Quote for Today: Virginia Woolf

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He sighed profoundly, and flung himself–there was a passion in his movements which deserves the word–on the earth at the foot of the oak tree. He loved, beneath all this summer transiency, to feel the earth’s spine beneath him; for such he took the hard root of the oak tree to be; or, for image followed image, it was the back of a great horse that he was riding; or the deck of a tumbling ship – it was anything indeed, so long as it was hard, for he felt the need of something which he could attach his floating heart to; the heart that tugged at his side; the heart that seemed filled with spiced and amorous gales every evening about this time when he walked out. To the oak tree he tied it and as he lay there, gradually the flutter in and about him stilled itself; the little leaves hung, the deer stopped; the pale summer clouds stayed; his limbs grew heavy on the ground; and he lay so still that by degrees the deer stopped nearer and the rooks wheeled round him and the swallows dipped and circled and the dragonflies shot past, as if all the fertility and amorous activity of a summer’s evening were woven web-like about his body.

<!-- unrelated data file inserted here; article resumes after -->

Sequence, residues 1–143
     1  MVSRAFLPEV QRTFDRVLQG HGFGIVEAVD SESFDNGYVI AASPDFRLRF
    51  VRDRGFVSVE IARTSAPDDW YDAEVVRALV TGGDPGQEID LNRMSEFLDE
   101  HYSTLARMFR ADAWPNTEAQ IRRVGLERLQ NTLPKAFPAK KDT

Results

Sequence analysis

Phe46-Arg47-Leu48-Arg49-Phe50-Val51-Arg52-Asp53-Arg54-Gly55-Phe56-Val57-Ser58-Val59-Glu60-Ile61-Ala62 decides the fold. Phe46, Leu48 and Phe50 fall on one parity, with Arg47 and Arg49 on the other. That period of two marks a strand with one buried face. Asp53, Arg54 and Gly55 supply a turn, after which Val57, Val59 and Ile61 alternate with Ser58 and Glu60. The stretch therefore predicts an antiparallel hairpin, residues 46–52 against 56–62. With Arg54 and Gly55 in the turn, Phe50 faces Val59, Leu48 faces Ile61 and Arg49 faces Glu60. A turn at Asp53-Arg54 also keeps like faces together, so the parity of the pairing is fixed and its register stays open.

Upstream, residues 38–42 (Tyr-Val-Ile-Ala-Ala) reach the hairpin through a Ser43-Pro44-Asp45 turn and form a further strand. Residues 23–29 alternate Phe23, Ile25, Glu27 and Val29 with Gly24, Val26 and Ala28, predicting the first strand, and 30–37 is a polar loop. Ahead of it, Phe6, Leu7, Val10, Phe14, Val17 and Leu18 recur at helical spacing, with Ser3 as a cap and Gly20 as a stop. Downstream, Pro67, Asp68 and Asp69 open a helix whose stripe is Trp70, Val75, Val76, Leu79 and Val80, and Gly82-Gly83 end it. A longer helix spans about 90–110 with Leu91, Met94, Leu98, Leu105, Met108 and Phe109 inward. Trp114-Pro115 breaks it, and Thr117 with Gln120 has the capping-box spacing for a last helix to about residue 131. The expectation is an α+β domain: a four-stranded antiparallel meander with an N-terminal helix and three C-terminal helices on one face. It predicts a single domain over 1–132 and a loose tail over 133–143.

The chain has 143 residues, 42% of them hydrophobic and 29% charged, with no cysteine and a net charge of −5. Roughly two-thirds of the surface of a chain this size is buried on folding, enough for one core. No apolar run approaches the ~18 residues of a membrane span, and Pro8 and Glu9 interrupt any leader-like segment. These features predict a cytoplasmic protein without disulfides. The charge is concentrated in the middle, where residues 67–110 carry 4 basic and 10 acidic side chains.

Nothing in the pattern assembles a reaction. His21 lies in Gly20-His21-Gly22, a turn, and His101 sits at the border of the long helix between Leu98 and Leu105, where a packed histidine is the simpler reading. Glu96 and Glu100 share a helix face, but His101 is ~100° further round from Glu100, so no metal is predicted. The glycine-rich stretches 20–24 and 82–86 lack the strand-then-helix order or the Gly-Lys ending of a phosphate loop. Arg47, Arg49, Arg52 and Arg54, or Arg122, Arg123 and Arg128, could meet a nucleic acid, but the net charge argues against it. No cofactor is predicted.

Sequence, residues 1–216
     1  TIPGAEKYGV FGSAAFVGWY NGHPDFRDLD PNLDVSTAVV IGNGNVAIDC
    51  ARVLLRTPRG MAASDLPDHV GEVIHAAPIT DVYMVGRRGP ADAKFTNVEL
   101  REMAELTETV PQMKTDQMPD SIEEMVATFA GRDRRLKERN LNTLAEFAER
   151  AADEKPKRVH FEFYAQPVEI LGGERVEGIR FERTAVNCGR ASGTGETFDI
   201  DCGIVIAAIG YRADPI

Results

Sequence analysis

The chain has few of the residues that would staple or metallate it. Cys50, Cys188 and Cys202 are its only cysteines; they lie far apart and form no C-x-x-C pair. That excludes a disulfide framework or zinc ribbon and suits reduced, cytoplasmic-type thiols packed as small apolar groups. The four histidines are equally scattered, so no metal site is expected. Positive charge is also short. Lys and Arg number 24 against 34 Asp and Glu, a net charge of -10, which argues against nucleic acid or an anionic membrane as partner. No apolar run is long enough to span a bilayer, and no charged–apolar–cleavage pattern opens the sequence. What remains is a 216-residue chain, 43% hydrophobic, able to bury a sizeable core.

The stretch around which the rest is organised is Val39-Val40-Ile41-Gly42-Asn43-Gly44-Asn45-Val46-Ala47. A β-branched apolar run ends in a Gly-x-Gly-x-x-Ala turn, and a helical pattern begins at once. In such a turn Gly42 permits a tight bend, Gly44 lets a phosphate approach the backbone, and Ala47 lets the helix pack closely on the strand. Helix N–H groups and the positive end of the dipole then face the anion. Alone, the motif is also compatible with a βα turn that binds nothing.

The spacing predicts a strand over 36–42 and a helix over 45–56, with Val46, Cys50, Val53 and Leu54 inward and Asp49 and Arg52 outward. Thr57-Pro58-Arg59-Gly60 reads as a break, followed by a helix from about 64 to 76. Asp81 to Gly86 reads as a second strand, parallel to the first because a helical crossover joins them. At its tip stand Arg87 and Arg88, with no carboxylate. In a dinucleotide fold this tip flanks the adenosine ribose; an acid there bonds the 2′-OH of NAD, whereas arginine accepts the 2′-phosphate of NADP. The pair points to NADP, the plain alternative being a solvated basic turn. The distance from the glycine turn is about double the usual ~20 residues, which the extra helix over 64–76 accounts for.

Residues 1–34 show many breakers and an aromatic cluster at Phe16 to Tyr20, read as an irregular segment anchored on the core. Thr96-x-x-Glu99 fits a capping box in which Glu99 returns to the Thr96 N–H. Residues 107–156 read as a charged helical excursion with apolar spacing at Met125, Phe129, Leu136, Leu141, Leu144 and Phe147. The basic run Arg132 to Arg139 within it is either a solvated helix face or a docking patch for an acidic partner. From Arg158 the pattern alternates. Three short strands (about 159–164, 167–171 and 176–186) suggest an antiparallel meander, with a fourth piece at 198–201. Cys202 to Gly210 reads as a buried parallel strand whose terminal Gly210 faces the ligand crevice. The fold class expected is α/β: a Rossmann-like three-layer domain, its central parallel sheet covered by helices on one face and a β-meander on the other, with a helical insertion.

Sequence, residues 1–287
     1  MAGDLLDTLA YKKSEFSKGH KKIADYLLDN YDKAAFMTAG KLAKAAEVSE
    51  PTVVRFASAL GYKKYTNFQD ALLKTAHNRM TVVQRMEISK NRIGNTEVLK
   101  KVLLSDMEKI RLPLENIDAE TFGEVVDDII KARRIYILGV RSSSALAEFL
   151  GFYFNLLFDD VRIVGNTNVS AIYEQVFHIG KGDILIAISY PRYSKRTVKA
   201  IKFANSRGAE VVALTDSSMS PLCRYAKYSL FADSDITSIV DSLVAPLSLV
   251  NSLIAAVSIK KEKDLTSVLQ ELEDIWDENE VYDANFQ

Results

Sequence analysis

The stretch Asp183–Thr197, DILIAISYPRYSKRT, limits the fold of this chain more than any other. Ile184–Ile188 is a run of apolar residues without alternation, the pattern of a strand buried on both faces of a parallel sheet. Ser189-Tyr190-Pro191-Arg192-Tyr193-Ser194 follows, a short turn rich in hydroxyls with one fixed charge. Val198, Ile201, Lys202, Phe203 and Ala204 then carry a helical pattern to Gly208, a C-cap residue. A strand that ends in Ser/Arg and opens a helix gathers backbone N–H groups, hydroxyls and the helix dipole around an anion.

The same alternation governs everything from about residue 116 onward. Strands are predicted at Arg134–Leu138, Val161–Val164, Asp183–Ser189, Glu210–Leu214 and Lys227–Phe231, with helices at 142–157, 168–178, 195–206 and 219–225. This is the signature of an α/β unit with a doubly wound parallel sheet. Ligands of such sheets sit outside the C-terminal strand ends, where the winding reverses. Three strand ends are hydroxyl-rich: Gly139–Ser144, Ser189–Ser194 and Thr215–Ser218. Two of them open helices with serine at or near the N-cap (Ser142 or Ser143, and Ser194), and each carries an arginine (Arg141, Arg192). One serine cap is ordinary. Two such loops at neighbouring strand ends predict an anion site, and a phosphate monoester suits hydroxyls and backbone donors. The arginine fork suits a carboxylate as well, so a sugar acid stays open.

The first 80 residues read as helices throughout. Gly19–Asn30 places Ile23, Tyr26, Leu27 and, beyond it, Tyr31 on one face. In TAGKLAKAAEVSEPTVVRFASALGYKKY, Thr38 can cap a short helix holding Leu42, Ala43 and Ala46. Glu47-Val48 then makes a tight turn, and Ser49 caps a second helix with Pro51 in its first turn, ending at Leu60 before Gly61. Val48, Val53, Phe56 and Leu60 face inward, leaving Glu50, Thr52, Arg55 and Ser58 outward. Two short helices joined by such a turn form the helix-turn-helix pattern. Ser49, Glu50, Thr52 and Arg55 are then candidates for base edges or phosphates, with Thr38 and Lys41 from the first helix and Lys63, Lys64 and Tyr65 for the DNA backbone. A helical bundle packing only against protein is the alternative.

Virginia Woolf, Orlando

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Quote for Today: Gary Zukav

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Every subatomic interaction consists of the annihilation of the original particles and the creation of new subatomic particles. The subatomic world is a continual dance of creation and annihilation, of mass changing into energy and energy changing into mass. Transient forms sparkle in and out of existence, creating a never-ending, forever newly created reality.

Gary ZukavThe Dancing Wu Li Masters

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Quote for Today: Sylvia Plath

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Everywhere, imperceptibly or otherwise, things are passing, ending, going. And there will be other summers, other band concerts, but never this one, never again, never as now. Next year I will not be the self of this year now. And that is why I laugh at the transient, the ephemeral; laugh, while clutching, holding, tenderly, like a fool his toy, cracked glass, water through fingers.
Sylvia Plath, The Unabridged Journals of Sylvia Plath

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